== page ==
On April 23, IBM rolled out the long-awaited POWER8 CPU, the successor to POWER7+, and given the extensive pre-announcement speculation, the hardware itself was no big surprise (the details are fascinating, but not suitable for this venue), offering an estimated 30 – 50% improvement in application performance over the latest POWER7+, with potential for order of magnitude improvements with selected big data and analytics workloads. While the technology is interesting, we are pretty numb to the “bigger, better, faster” messaging that inevitably accompanies new hardware announcements, and the real impact of this announcement lies in its utility for current AIX users and IBM’s increased focus on Linux and its support of the OpenPOWER initiative.
OK, so we’re numb, but it’s still interesting. POWER8 is an entirely new processor generation implemented in 22 nm CMOS (the same geometry as Intel’s high-end CPUs). The processor features up to 12 cores, each with up to 8 threads, and a focus on not only throughput but high performance per thread and per core for low-thread-count applications. Added to the mix is up to 1 TB of memory per socket, massive PCIe 3 I/O connectivity and Coherent Accelerator Processor Interface (CAPI), IBM’s technology to deliver memory-controller-based access for accelerators and flash memory in POWER systems. CAPI figures prominently in IBM’s positioning of POWER as the ultimate analytics engine, with the announcement profiling the performance of a configuration using 40 TB of CAPI-attached flash for huge in-memory analytics at a fraction of the cost of a non-CAPI configuration.[i]
A Slam-dunk for AIX users and a new play for Linux
The net of this technology for current AIX (and the remaining I-Series) users is a solid bump in performance and price-performance. Adding in nice little fillips such as a very attractive Capacity On Demand (COD) program and improved POWER-VM capabilities, there is nothing not to like in this announcement. If you are an AIX customer and committed to continuing with AIX, there is no reason to hesitate before upgrading – POWER8 will give you years of additional life, along with a roadmap that promises incremental improvements over the next several years while you wait for POWER9.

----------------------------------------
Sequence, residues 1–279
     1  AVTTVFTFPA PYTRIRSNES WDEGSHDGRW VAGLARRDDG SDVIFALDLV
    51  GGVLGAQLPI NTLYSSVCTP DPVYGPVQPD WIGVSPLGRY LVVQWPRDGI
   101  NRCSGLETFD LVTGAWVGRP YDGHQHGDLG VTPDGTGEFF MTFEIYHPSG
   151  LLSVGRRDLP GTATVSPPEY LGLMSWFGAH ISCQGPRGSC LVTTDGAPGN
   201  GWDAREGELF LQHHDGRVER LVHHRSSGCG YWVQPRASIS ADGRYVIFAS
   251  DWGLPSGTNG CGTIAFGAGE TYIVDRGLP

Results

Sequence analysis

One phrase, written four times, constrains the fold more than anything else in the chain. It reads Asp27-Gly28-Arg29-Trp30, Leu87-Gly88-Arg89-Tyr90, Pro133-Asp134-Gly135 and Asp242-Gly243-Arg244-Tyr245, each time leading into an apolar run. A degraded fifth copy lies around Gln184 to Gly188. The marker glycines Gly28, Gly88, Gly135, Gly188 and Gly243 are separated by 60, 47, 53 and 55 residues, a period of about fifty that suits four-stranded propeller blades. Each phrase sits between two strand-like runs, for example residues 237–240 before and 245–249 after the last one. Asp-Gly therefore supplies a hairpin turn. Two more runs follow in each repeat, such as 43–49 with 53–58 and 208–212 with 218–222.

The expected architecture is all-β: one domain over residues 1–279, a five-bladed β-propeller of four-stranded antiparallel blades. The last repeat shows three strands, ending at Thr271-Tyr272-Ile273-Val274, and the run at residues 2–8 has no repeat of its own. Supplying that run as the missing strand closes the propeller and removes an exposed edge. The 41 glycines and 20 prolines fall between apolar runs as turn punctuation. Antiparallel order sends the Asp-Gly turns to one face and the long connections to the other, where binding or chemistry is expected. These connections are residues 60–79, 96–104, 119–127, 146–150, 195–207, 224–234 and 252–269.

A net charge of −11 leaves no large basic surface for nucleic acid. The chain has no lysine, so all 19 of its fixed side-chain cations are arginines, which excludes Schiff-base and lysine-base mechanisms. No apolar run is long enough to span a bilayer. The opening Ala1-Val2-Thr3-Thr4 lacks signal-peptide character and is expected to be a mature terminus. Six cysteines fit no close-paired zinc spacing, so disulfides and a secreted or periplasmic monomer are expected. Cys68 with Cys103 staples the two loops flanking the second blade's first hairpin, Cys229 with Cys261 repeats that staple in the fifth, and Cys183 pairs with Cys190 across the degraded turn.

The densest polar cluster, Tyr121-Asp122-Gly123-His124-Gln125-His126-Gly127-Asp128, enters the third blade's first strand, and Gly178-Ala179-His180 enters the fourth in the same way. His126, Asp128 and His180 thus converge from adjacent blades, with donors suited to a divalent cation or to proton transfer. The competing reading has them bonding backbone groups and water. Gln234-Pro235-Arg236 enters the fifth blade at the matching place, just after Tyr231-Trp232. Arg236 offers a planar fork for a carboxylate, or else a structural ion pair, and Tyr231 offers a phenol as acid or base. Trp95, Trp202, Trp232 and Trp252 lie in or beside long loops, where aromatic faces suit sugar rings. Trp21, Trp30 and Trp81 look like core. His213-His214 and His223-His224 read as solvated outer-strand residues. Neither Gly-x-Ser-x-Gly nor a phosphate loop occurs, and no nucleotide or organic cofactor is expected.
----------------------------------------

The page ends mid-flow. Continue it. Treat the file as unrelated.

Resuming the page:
But the real change comes in the way IBM is targeting the entire Linux ecosystem. Assuming the Lenovo deal goes through, IBM, now minus its own x86 servers, will be even more aggressively targeting Linux as a primary workload for POWER, pushing advantages in price-performance, especially in applications like (surprise) analytics and big data that stress I/O and memory bandwidth, performance per core, and throughput per socket.[ii] At announcement, IBM had an impressive roster of Linux distro partners, including SUSE, Red Hat and Ubuntu, which collectively account for at least 90% of the commercial Linux market. With claims of “nearly 100%” compatibility for interpretive languages (Java, PHP, Python, etc.) and easy recompile of C/C++, IBM is making an aggressive play for Linux workloads. The question of course is whether they will they seriously challenge Intel’s volume hegemony. I doubt that they will ever account for more than a few percent of the potential market for new Linux, and even less in terms of migration of existing footprints, but even 3 – 5% of Intel’s Linux footprint would be a huge volume win for IBM compared to current POWER volumes.